#5511 – 2020 First-Class Forever Stamps - Ruth Asawa: Eight Seperate Cones Suspended

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U.S. #5511

2020 55¢ Ruth Asawa


Value:  55¢ 1-ounce First-class rate (Forever)

Issue Date:  August 13, 2020

First Day City:  San Francisco, CA

Type of Stamp:  Commemorative

Printed by:  Banknote Corporation of America

Printing Method:  Offset

Format:  Pane of 20

Self-Adhesive

Quantity Printed:  18,000,000

  In 1968, one of Ruth Asawa's children came home from school with a coloring page.  Realizing public schools needed better art resources, she dedicated much of the rest of her life to improving art education.

That same year, Asawa helped found the Alvarado School Arts Workshop (ASAW).  The innovative program brought parents and professional artists to schools to help improve art education.  Having worked closely with professional artists as a student at Black Mountain College, Asawa knew what an impact this could have on children and potential artists.

The ASAW had very little funding, but Asawa was resourceful.  She encouraged them to use everyday items such as milk cartons, egg cartons, scraps of yarn, and flour, salt, and water (to make baker's clay).  This program also led Asawa to found SCRAP, a non-profit organization that offers free or low-cost art supplies to schools.  It's still in operation today.  At its peak, the ASAW was in 50 public schools and brought in artists, musicians, and gardeners to teach the children.


Asawa was involved in many other arts education organizations and initiatives.  She worked on the San Francisco Arts Education Project, the Commission on Mental Health's Role of the Arts committee, and the California Arts Council.  All of these helped achieve her life's goal of making art accessible to everyone.



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U.S. #5511

2020 55¢ Ruth Asawa


Value:  55¢ 1-ounce First-class rate (Forever)

Issue Date:  August 13, 2020

First Day City:  San Francisco, CA

Type of Stamp:  Commemorative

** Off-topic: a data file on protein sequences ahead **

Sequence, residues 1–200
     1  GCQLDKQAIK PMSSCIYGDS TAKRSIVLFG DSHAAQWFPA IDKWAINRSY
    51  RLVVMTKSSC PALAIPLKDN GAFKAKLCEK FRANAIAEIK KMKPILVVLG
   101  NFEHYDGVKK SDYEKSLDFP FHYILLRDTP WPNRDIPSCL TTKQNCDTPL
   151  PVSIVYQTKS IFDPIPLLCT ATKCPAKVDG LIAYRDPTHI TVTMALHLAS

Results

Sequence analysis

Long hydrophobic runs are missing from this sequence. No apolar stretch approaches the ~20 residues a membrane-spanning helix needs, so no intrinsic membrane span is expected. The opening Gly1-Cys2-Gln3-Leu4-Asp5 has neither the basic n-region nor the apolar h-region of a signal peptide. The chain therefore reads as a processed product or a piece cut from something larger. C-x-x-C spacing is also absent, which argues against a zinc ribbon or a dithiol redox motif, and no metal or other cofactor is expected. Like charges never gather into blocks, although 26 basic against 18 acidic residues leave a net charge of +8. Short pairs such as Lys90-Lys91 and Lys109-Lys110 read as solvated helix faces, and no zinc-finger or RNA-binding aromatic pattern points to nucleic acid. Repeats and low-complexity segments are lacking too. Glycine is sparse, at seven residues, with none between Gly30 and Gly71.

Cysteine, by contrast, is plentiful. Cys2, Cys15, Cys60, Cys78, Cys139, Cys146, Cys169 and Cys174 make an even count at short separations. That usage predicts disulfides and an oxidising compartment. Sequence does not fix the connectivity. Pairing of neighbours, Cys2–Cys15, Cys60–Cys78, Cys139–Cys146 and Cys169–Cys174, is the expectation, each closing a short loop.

Printed by:  Banknote Corporation of America

Printing Method:  Offset

Format:  Pane of 20

Self-Adhesive

Quantity Printed:  18,000,000

 

In 1968, one of Ruth Asawa's children came home from school with a coloring page.  Realizing public schools needed better art resources, she dedicated much of the rest of her life to improving art education.

That same year, Asawa helped found the Alvarado School Arts Workshop (ASAW).  The innovative program brought parents and professional artists to schools to help improve art education.  Having worked closely with professional artists as a student at Black Mountain College, Asawa knew what an impact this could have on children and potential artists.

The ASAW had very little funding, but Asawa was resourceful.  She encouraged them to use everyday items such as milk cartons, egg cartons, scraps of yarn, and flour, salt, and water (to make baker's clay).  This program also led Asawa to found SCRAP, a non-profit organization that offers free or low-cost art supplies to schools.  It's still in operation today.  At its peak, the ASAW was in 50 public schools and brought in artists, musicians, and gardeners to teach the children.


Asawa was involved in many other arts education organizations and initiatives.  She worked on the San Francisco Arts Education Project, the Commission on Mental Health's Role of the Arts committee, and the California Arts Council.  All of these helped achieve her life's goal of making art accessible to everyone.